September 30, 1992:
- Mariel Hemmingway appears nude on the TV show Civil Wars.
- George Brett gets 4 hits to raise his total to 3000.
- Hurricane Bonnie dissipated (a private irony).
- University mathematics professor begins transition in rural Arkansas.
It was a very difficult decision. And at the same time, it was a very easy one.
I had grown up as a boy. I had spent a very good deal of my adulthood as a man, for the sake of my family.
But I didn’t want to grow to be an old man. I chose to grow to be an old woman instead.
I ask you: who should have the right to deny me that?
Actually, it was five days short of seventeen year ago rather than twenty. And nobody taught the band to play. And, come to think of it, there was no band. Just me by myself, trying to learn to survive in the new world that was opening up before me.
Or die trying.
And the music did often have the sound of a dirge.
I sometimes wish I had a better record of those times, beyond the few poems I had written beginning in June of that year. And the letter. Ah, yes, the letter. But before December of 1992, I was not yet connected to the net. I was devoid of community, people to talk with about what was going on inside of me. I was more or less alone.
Five days before September 30, 1992, I was quite probably composing the letter.
Around the beginning of that semester, I decided that this staying in the closet thing just wasn’t working. I felt like I could stand in our living room and stretch out my arms in opposite directions and touch both walls. As time passed, it seemed that what was truly the case was that I could touch both ends of my world…my universe.
I was not totally without resources. I had gone to the library and studied whatever I could find about transsexuality…which was remarkably little, considering this was a university library. And I knew a few people, like Jennifer P, who was first president of the University of Central Arkansas’ Lesbian and Gay Students Association, of which my own daughter, also named Jennifer (it was a popular name that year: our daughter was named after Jennifer Warren, of Hair fame). Both Jennifers had been in my Pre-Calculus class a few years earlier.
Knowing that I was going to need a therapist, I asked Jennifer P. if she knew of anyone. She gave me the number of Ralph Hyman, who suggested that maybe it would be better if I saw Kurt Wilhelm, who was to become my primary therapist. I was later became the first trans member of Ralph’s gay and lesbian therapy group sessions. The first available appointment that Kurt had was on Wednesday, September 30. I took it.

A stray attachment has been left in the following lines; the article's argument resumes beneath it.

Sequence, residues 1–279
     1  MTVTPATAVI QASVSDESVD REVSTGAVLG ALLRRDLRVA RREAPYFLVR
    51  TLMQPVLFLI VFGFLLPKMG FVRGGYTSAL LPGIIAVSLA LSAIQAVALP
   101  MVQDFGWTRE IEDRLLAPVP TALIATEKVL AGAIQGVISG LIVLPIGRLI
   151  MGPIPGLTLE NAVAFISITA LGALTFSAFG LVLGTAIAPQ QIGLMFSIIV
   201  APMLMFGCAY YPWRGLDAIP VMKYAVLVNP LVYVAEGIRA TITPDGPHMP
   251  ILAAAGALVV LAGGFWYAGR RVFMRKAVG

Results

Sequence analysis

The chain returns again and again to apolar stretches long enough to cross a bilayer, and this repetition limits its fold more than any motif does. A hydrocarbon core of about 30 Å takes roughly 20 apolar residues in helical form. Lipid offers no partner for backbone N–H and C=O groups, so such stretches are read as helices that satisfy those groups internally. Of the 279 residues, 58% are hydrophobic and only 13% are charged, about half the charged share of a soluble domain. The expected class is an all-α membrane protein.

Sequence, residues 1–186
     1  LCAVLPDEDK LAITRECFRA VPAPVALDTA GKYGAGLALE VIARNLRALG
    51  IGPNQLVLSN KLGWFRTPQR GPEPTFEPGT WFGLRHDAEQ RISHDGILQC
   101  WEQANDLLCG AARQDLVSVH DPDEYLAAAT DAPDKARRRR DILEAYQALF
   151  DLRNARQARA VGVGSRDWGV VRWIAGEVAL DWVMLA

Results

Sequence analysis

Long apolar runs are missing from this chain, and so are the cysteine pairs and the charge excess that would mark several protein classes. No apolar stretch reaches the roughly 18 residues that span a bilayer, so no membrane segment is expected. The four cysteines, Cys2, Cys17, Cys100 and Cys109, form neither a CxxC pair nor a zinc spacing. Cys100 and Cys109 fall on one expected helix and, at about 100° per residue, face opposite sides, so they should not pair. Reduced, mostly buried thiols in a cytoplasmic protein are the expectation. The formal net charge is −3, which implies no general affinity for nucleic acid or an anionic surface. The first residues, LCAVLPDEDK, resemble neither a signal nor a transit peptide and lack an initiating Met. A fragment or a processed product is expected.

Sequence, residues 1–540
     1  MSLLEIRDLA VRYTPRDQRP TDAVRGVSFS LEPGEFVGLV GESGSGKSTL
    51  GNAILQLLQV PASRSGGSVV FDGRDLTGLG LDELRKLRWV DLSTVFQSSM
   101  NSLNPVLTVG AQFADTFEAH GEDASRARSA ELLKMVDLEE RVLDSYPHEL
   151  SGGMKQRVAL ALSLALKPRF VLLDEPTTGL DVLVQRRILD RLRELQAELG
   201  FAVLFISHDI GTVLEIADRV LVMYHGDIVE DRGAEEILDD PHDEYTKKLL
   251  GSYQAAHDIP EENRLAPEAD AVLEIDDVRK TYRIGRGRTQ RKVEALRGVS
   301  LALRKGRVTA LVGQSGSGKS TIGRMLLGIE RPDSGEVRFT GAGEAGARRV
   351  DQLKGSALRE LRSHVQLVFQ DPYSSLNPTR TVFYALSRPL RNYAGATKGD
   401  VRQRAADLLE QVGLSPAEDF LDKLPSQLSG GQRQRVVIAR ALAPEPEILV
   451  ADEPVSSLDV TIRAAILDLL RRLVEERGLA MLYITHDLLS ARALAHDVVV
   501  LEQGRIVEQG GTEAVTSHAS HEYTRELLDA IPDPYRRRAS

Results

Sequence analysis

It was not lost on me that this was my deceased father’s birthday…just like it is not lost on me that this coming September 30 is a Wednesday (which is not exceptionally odd, but I thought I would mention it).
Bill and I
So anyway, I had some time to wait. I don’t remember exactly how much. But I do remember I was treading a very unstable high wire. Seventeen people knew I was transsexual. Other people just thought I had undergone a huge change for some reason…was either going crazy, I had reported to me, had AIDS. I had lost a lot of weight. And had shed the beard I had sported since I was discharged from the Army.
Note: Why would a transsexual woman have worn a beard for 19 years? Probably because I had been a hippie in the Haight in my younger days. Possibly because it is easy to hide one’s emotions behind a beard. And quite likely because shaving one’s face is one of the most quintessentially masculine activities there is in this society.
Me from the same angle
(my office, December, 1992)
So I wrote the letter. In order to afford being able to see a therapist, I needed to have it covered by my insurance. In order to get paid by the insurance company, the therapist would have to provide the diagnosis, so the insurance company was going to know…and through them my HR department. That is, my employer.
Feces, please observe yonder air propulsion unit.
For better or worse, I developed a plan. I would come out to the students in my Abstract Algebra class and tell them, no matter what happened in the next few days, it was important for their educational careers that they study hard and do well in the first exam of the semester, scheduled for the following Monday. And I would tell them that even if they never see me again in front of them, I had enjoyed interacting with them and all the years I had been teaching at UCA. Then I would cancel the rest of the class, go drop off the letter the chair of the department and head for Little Rock.
And that meant having to write The Letter.
I’m sure on the day in question, my nerves were completely shot, that I was a total wreck. But I tried to keep a smile on my face as much as I could.
Oh. Yeah. The Letter. I once wrote a poem about it. And I have shared The Letter online before. I wish I had been able to say things as elegantly then as I have learned how to do now. But that was then and this is now.